Reading the Upanishads: Part Seven

I thought it would be nice to read along through some scriptures and discuss the passages. I have a translation of the Upanishads done by Eknath Easwaran, a teacher whom I deeply trust and love. In this book there is an introduction before each translation with some insight from Easwaran.

Here is a link to the Amazon page for the book I have:

The seventh verse of the Easwaran translation of the Isha Upanishad is…

Those who see all creatures in themselves

And themselves in all creatures know no grief.

How can the multiplicity of life

Delude the one who sees its unity?

This verse continues directly from the previous where it was said that when you see yourself in everyone you know no fear. I can easily see how fear would be alleviated by seeing the unity of all life. Grief is a little more difficult.

When I miss my dear friend who died, if I’m doing Hinduism right then I will know that her spirit is within me and within everything and everyone else. She is not gone. But that is easier said than felt.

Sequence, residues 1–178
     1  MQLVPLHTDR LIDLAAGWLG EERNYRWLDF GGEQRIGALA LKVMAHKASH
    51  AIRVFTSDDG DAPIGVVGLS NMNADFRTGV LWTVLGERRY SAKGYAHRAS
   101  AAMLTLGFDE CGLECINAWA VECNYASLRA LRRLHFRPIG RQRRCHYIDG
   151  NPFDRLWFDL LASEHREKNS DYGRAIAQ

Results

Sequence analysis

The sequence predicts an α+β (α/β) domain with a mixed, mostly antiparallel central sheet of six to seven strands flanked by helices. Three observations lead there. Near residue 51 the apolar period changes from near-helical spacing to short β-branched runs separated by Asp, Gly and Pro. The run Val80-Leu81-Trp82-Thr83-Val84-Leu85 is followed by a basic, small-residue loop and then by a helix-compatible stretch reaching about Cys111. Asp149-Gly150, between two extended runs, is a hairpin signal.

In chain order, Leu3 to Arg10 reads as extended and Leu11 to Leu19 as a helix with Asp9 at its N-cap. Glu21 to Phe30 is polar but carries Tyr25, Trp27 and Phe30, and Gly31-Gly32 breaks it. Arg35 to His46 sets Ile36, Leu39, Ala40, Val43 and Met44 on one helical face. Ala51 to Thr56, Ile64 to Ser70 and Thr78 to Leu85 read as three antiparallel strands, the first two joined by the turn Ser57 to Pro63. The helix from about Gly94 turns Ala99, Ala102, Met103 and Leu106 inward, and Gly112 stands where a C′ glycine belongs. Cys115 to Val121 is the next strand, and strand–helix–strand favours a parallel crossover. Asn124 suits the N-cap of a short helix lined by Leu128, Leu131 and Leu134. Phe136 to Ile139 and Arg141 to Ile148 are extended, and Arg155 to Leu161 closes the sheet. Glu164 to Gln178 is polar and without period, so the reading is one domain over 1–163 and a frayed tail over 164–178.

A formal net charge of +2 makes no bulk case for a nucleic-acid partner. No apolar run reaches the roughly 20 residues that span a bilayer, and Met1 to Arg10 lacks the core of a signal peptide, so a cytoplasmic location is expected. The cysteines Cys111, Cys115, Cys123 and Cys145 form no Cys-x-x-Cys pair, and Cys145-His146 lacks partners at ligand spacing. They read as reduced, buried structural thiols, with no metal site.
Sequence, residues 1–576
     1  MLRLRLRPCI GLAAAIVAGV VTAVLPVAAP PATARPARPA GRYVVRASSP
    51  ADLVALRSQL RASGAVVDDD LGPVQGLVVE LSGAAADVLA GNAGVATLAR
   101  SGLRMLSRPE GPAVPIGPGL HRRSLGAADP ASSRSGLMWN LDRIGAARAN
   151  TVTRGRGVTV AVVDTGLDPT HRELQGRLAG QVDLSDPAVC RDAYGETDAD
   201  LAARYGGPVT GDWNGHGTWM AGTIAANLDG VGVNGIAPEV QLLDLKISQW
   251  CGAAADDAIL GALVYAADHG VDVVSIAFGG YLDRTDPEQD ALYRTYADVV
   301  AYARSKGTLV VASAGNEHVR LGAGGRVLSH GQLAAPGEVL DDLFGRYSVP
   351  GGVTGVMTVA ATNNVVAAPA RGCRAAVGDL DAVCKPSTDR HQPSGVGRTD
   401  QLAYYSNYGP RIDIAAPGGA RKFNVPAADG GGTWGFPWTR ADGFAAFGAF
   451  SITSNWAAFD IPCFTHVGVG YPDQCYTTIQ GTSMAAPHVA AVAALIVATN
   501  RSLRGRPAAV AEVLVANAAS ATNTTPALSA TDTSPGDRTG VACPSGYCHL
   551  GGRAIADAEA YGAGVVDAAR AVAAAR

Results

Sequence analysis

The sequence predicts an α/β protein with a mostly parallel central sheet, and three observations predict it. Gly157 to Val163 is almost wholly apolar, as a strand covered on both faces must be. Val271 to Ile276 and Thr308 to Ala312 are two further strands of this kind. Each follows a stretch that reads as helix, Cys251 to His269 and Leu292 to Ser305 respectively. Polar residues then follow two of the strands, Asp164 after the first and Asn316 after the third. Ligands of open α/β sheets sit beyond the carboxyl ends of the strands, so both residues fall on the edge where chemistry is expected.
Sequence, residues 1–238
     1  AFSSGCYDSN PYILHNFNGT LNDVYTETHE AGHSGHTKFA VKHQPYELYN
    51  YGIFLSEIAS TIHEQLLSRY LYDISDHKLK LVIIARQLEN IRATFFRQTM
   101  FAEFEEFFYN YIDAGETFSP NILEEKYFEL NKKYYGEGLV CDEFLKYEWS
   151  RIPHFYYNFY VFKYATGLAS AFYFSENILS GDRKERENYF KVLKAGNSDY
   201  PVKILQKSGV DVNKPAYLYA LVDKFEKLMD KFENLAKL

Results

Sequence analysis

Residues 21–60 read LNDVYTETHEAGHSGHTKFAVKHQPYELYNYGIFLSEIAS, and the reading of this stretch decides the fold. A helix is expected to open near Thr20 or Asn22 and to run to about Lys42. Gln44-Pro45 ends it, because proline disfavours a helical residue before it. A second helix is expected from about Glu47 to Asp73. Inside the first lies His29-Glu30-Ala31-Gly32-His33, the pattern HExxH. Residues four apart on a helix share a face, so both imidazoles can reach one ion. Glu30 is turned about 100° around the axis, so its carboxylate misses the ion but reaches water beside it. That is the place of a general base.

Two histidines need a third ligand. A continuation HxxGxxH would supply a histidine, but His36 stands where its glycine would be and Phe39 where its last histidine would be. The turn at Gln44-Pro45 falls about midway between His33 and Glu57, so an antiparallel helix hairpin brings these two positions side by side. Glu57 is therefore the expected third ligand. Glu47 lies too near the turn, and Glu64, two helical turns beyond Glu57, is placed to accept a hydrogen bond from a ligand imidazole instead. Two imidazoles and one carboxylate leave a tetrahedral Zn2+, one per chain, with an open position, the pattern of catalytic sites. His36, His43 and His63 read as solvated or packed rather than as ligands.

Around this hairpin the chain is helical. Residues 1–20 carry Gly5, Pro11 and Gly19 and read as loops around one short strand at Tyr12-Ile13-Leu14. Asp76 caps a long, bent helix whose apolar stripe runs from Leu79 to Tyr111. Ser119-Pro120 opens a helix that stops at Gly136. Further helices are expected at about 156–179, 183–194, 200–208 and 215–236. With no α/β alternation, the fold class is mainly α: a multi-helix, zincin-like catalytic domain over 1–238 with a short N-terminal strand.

The grief I still feel is perhaps an indication that I’m not entirely enlightened yet ;) I also take comfort, though, in knowing that sages have advised mourning when appropriate. I like to let my body feel what it is feeling and not try to force it to something else. But at the same time, I also maintain the knowledge that what my body or mind is going through is not me. My soul can remain calm and just observe the different emotions as they pass through the physical/maya level.

The second part of this verse is particularly lovely. I think I’m going to start using that quote to give me perspective when I lose sight of what’s real.

About Ambaa

Ambaa is an American woman of European ancestry who is also a practicing Hindu. She is fascinated with questions of philosophy, culture, and the meaning of life. Join her in the journey to explore how a non-Indian convert to Hinduism experiences her religion.

  • Drekfletch

    Alternative translation:
    Oxford World’s Classics, trans Patrick Olivelle, 1996

    When in the self of a discerning man,
    his very self has become all beings,
    What bewilderment, what sorrow can there be,
    regarding that self of him who sees this oneness.

    This translation pretty much switches pairs of lines. First two verses of the first translation go with the second two verses of the second translation, and vice verse. To me they seem to imply that the ‘it’ of the previous verses isn’t just the unity of existence, but includes enlightenment.


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